In this review, as a viewer who is also South African, I engage the tension between the ‘tyranny of our history’ and the making of work that resists the spectacle of apartheid and didactic, authoritarian modes of representation. The visual and sonic languages that Kentridge deploys, similar to other artists of his generation in South Africa, is sensate, affective, murky, and ambiguous.[7] As I stand in the space of The Refusal of Time, I hear Kentridge’s voice as he recounts personal memories and invokes mythical narratives of mortality, transience, and an eternity far beyond the world itself. Imagery speaks not only to the mysteries of time, the cosmos, outer space, and eternities that evade our grasp and into which we will disappear, but also the scientific and bureaucratic machineries that have functioned to fuel social and political violence in the name of civilisation and progress. Moving image sequences that include absurd theatrical scenarios performed by the artist and actors undo any attempt to order everyday life and history itself into tidy, legible, temporal categories. Simultaneously, the found materials of colonial documents and maps open up a space for an exploration of the artist’s particular encounter with historical events and archives.[8]

Fig. 2: William Kentridge, The Refusal of Time, 2012, Five-channel video projection, colour, sound, 4 megaphones, breathing machine, 30 minutes. Made in collaboration with Phillip Miller, Catherine Meyburgh, Dada Masilo, and Peter Galison. Installation View, Thick Time, Whitechapel Gallery, 2017. Image courtesy the artist and Whitechapel Gallery.

Kentridge utters the words ‘to undo’, ‘to un-remember’, and associations are prompted. I recognise personal regret but also larger narratives that exist in the historical, social, or political sphere. Can these ever be undone? Kentridge registers his presence both through his voice and through animated drawings or filmed performances. He literally inhabits the internal life of the visual and sonic worlds he imagines. He is present in all of their sensations, affects, competing narratives, tensions, ambiguities, and complicities. Yet, in 1990, when Kentridge says ‘our history’, who inhabits this space of collectivity indicated by the possessive determiner ‘our’? When he inserts his body into his work and I, as a viewer, read this representation and its relationship to the bodies, maps, sounds, images, and texts that populate the work,  is it possible to maintain a sense of an ‘our’? I navigate this exhibition and its re-imagining of visual and sonic archives that have multiple sites and that are intimately related to a sense of place (South Africa) and yet simultaneously unmoored from any one location, geography, or moment in time. How am I, as a viewer, encountering the idea of the thickness of time (and indeed the thickness of place) through the work and my own subjective navigation of it?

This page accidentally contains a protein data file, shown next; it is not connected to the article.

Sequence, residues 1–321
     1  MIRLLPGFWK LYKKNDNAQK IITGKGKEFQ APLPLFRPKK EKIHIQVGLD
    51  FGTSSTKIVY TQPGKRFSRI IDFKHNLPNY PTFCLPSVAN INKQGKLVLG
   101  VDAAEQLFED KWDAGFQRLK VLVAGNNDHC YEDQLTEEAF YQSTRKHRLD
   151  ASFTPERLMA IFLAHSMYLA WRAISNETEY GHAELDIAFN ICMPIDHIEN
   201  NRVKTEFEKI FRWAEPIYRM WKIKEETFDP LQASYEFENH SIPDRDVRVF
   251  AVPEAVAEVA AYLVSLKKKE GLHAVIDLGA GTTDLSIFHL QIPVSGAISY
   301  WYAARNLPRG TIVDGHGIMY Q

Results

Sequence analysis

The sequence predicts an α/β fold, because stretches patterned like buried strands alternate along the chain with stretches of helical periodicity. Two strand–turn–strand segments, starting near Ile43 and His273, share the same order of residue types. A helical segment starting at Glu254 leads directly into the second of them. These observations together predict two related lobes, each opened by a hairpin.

The Refusal of Time is a pulsating multimedia environment. It was made in collaboration with the choreographer and dancer Dada Masilo; the composer and sound artist Philip Miller; the filmmaker, projection designer, director, and editor Catherine Meyburgh; and the historian of science Peter Galison. Kentridge’s collaboration with Miller was formally initiated when the composer wrote the score for Kentridge’s film Felix in Exile in 1993. Miller’s sound collages weave together musical scores, spoken word, and found sound. Both Miller and Kentridge produce sensations, associations, emotions, and affects that are akin to psychic processes of remembering, forgetting, and making sense (or non-sense) of historical, social, political, and cultural worlds. I enter a darkened space as if onto a stage and am immersed in sounds which produce multiple affective registers. I hear music, breath, spoken word, languages, utterances, and accents that are familiar to me. Images (the work includes a five-channel video projection) move and flicker along the walls. Human figures move, dance, mime, appear, and disappear; various staged scenarios are absurd, chaotic, or banal. A monumental wooden contraption named ‘a breathing machine’ is at the centre of this sensation-world. Chairs are scattered around it and I sit and contemplate its presence within this space. The ‘breathing machine’ brings the biological processes of human and non-human animals, the biological mechanics of the lung, into a relationship with technological objects. Breath is essential for life but life, and the breath that pulsates through living bodies, can also be compromised through illness or violence in its many forms (whether this violence is inflicted physically, psychically or emotionally).